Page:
Within the razor wire fences of Folsom State Prison, Andreawanna Clemmons stared at a computer, filling her screen and mind with architectural designs.
“I’m working on a homeless shelter,” said Clemmons, 25, who is serving time for her role in a deadly shooting in Sacramento in 2012. Beside her, inmate Terese Sheridan, 36, also incarcerated for a gun crime, was designing a hotel.
Prison job training in California has gone far beyond learning how to craft license plates and bookcases.
Today, the state’s Prison Industry Authority is helping inmates learn highly valued technical skills that make them immediately employable once they serve their time and are released to the outside world.
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This past week, corrections officials unveiled a new technology training center where Folsom Women’s Facility inmates can become experts in computer systems that will help them get jobs in architecture, engineering, construction and other fields.
The center, inside a manufactured building designed and assembled by Folsom Prison inmates, is sponsored by the software corporation Autodesk, which helps train offenders to use their products and find good jobs upon parole.
Autodesk’s Nancy Tremblay said the project represents the first time the company has worked with offenders inside prison walls, though Autodesk has trained paroled felons elsewhere. Currently, 56 women at Folsom are enrolled in the program.
“There is a great skills gap in this area, particularly among females,” Tremblay explained as she watched the Folsom inmates at their workstations, manipulating software programs including Revit, Inventor and AutoCAD. Training time for these computer systems can range from several months to up to a year.
Tremblay acknowledged that some employers are reluctant to hire someone with a felony record. “But (the program) is not about the offender,” she said. “It’s about the citizen. Someone with the proper skill set is going to find an employer that needs their services.” About 90 percent of former inmates trained in Autodesk programs have gotten jobs, and 82 percent of them are still employed after a year, she said.
Numbers like those translate into lower recidivism rates, said Charles Pattillo, general manager of the Prison Industry Authority. Housing a prisoner in California costs taxpayers about $72,000 a year, he noted.
“These offenders are getting out, and getting jobs, so the savings is huge,” he said. “They’re not coming back into the system.”
The PIA, created in 1982 to provide employment opportunities for offenders, offers work assignments to about 8,000 inmates and manages more than 100 operations throughout California. Inmates craft furniture, sew garments and fashion signs and license plates. The goal is to give prisoners job skills, good work habits and basic education to prepare them for success in the outside world.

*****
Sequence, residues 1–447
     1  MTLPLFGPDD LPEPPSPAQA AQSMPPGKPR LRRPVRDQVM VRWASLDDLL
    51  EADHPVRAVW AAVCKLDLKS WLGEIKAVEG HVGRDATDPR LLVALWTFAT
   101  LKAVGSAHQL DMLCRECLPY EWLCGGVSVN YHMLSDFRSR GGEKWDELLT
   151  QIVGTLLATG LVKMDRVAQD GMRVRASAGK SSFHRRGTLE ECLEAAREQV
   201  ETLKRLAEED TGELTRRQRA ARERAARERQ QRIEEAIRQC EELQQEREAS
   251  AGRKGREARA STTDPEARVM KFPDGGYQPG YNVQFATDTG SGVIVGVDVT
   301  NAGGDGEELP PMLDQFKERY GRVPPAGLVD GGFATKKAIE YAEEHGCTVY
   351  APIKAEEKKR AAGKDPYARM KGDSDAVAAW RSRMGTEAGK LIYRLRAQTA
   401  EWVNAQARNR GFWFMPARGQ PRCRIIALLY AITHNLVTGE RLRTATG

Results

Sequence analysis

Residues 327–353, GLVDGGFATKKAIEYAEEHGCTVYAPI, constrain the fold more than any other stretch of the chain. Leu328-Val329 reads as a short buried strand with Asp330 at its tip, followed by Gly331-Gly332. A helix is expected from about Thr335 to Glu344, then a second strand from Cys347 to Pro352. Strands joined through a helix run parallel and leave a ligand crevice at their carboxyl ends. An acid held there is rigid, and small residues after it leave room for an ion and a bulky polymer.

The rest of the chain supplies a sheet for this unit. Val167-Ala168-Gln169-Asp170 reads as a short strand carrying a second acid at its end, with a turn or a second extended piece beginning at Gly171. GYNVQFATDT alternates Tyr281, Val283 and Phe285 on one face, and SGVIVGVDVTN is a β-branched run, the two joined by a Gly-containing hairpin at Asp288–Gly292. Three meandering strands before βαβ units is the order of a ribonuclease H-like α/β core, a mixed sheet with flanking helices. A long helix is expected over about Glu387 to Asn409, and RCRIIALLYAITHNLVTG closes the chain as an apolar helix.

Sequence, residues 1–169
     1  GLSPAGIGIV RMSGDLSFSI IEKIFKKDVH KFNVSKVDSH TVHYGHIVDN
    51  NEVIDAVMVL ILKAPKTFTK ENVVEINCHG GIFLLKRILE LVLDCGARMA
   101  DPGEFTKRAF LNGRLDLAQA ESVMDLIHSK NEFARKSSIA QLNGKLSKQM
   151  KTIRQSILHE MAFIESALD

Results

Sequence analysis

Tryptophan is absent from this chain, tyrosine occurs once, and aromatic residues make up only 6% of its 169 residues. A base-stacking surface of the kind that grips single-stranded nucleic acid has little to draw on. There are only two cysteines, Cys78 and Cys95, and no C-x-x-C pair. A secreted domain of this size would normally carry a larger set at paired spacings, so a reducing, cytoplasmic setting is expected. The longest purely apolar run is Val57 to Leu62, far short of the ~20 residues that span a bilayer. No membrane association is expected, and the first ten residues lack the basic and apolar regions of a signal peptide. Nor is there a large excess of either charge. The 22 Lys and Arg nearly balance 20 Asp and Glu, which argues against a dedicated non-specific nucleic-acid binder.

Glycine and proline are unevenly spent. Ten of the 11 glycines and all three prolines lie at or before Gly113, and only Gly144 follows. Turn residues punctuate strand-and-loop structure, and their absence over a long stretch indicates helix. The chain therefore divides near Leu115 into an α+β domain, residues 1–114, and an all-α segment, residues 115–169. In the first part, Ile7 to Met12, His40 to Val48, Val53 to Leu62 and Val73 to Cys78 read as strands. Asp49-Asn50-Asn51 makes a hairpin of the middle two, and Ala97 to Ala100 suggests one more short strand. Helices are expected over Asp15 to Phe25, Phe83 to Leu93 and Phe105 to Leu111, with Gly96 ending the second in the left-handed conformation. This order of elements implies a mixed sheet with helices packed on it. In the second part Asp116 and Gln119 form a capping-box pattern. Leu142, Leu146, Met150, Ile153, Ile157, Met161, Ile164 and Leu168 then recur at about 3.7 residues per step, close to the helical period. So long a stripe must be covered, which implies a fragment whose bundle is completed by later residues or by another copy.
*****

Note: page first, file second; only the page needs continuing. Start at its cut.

Job assignments are voluntary, and prisoners must apply to participate. They are paid a nominal wage, generally up to $1 per hour. The items they produce are sold to state, county and municipal offices and nonprofit groups.
High technology training programs, which Folsom Prison began offering in 2014, are relatively new but the success rates are beyond encouraging, said Pattillo. The overall recidivism rate for felons in California is around 50 percent, he said. It is lower than 10 percent for inmates who participate in the training programs.
“I have a long list of employers who are hiring ladies literally right out of prison,” he said. They can immediately earn wages upward of $23 an hour at architectural and engineering firms, he added.
For the women incarcerated at Folsom, whose crimes range from from drug running to manslaughter, the training is a first step toward self-sufficiency, said Kathleen Allison, director of adult institutions for the state Department of Corrections and Rehabilitation.
“Most of these people don’t want to sell drugs for a living, but it’s all they know,” Allison said. “We’re on the cutting edge of technology here. We really want to give them a life skill that makes them employable on the first day they get out,” and allows them to support their families.
Inmates participating in the program talked of its impact on their emotional and psychological well being, saying it boosted their hopes for a future outside of prison.
“For me personally, it was a choice that I was going to do something worthwhile,” said Stephanie Ashton, 27, as she used a computer program to “install” tile inside a building on her screen. “I knew nothing about computers when I started this, and I have learned so much. I look at buildings and architecture and landscapes in a whole different way.” It was exciting to imagine living on the outside with so much knowledge at her disposal, she added.
Clemmons said the training is the impetus she needs to be a productive citizen once she is paroled, possibly in 2020. “I would never have thought that a prison would have something like this,” she said. “Prison will either break you or make you. I don’t want to come out of here the same person I was when I came in.’
“We are lucky, blessed and privileged,” Sheridan chimed in.
Debi Zuver, 49, is scheduled to walk out of the Folsom Women’s Facility a free woman in February. She has been locked up 17 years for manslaughter, she said, and will be leaving with marketable job skills and a positive attitude.
“I want to make sure I’m not living like I was living before,” she said, “and that I won’t be coming back.”